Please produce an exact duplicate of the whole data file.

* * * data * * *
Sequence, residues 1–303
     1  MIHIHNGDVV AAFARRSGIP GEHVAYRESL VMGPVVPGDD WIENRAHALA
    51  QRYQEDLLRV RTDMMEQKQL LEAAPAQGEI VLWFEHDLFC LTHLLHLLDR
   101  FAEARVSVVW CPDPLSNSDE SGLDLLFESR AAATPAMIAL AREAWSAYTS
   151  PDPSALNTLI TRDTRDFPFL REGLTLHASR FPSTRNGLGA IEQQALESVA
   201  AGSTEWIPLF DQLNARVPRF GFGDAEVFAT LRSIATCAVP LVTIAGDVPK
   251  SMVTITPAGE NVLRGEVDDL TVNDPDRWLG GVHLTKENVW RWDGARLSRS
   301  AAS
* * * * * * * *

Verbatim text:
Sequence, residues 1–303
     1  MIHIHNGDVV AAFARRSGIP GEHVAYRESL VMGPVVPGDD WIENRAHALA
    51  QRYQEDLLRV RTDMMEQKQL LEAAPAQGEI VLWFEHDLFC LTHLLHLLDR
   101  FAEARVSVVW CPDPLSNSDE SGLDLLFESR AAATPAMIAL AREAWSAYTS
   151  PDPSALNTLI TRDTRDFPFL REGLTLHASR FPSTRNGLGA IEQQALESVA
   201  AGSTEWIPLF DQLNARVPRF GFGDAEVFAT LRSIATCAVP LVTIAGDVPK
   251  SMVTITPAGE NVLRGEVDDL TVNDPDRWLG GVHLTKENVW RWDGARLSRS
   301  AAS